New York Times has an article about search engines that allow people to rate, review or even edit search results. Even if the major search engines take into account the links from sites and use them as votes, these social search engines use explicit user voting.
"A growing number of entrepreneurs are placing their bets, however, on a hybrid system that puts humans back into the search equation. They are grouped under a newly coined rubric, social search, and it is becoming a crowded field. Newcomers like Squidoo, Sproose and NosyJoe offer search results based on submissions or votes by users. Bessed also relies on users to suggest the best Web pages for a topic, but then has editors refine them."
The article also mentions Mahalo, a search engine hand-built by editors. "Mahalo is the world's first human-powered search engine powered by an enthusiastic and energetic group of Guides. Our Guides spend their days searching, filtering out spam, and hand-crafting the best search results possible," explains their FAQ. The site shows results mostly for popular queries like Paris Hilton or Google and their goal is to hand-write the most popular 10,000 search terms, although it's unclear who defines that list. Even if their links are very good and well organized, it's hard to beat Wikipedia's pages, which are much more content-rich and extremely up-to-date, at least for popular topics.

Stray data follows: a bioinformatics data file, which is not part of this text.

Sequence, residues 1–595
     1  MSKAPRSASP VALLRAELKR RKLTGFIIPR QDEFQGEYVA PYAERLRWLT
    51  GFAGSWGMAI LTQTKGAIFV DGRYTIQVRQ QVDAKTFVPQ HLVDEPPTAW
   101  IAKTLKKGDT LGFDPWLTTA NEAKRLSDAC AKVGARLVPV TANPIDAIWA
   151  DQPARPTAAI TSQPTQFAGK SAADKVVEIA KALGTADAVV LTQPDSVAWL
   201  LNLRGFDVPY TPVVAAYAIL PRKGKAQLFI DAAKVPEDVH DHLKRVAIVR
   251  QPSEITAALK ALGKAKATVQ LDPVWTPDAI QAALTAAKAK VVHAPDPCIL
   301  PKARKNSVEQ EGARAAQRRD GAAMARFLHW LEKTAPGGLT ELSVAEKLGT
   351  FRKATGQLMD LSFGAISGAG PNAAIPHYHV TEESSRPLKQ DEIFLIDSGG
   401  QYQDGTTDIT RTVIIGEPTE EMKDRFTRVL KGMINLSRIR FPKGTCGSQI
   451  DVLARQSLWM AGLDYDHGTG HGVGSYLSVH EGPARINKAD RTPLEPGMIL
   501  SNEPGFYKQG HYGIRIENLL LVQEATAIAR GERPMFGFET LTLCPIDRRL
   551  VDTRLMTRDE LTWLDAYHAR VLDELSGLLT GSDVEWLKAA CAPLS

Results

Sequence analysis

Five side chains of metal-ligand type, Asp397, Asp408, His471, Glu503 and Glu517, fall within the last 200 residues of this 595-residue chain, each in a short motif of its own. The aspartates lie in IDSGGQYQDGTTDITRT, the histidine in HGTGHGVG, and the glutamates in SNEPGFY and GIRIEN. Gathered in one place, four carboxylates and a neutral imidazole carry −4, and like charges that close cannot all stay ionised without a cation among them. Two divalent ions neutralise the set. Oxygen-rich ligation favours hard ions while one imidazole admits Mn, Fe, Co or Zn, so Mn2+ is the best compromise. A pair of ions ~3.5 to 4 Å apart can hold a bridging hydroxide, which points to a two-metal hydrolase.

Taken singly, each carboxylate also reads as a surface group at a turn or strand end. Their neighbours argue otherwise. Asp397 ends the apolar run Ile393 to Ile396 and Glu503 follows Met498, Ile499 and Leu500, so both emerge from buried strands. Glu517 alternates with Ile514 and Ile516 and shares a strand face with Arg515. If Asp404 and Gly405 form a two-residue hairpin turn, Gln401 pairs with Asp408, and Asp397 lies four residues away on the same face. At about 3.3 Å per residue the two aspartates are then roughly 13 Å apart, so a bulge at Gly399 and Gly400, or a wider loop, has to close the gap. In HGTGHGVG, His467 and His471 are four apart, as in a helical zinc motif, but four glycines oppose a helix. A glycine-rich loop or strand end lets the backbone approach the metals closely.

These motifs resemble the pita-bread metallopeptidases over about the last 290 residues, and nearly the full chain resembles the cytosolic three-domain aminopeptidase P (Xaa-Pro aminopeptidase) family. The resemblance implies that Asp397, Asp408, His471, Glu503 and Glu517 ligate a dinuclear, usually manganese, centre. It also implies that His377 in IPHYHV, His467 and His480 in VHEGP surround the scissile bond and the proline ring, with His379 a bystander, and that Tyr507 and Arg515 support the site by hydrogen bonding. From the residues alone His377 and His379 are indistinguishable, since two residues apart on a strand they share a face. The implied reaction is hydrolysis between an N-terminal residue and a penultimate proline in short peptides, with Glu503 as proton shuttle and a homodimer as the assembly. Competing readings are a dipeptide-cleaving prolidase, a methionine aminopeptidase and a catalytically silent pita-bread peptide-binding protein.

In fact, Jimmy Wales, the founder of Wikipedia, plans to launch a search engine that allows people to edit the results. What's more, Mr. Wales says the search engine will be open source. "Essentially, if you consider one of the basic tasks of a search engine, it is to make a decision: 'this page is good, this page sucks'. Computers are notoriously bad at making such judgments, so algorithmic search has to go about it in a roundabout way. But we have a really great method for doing that ourselves. We just look at the page. It usually only takes a second to figure out if the page is good, so the key here is building a community of trust that can do that."
Google tried to add explicit feedback using Google Toolbar's voting buttons and a link that let you remove pages or entire sites from your search results, but the results weren't that good. In a recent talk, Peter Norvig said that people mostly used the voting buttons to express negative opinions about pages.
For the moment, the only ways to tell Google you don't think a page is relevant to the query is to click on "Dissatisfied? Help us improve" at the bottom of the page or to simply ignore the page (by clicking on the second search result first, Google records that the first results wasn't relevant to you).
Yahoo also experimented with social features added next to the search results, but they were removed. Maybe a Digg approach to search introduces more bias and makes it easier to promote spam pages. After all, people are less predictable than algorithms and more difficult to control.
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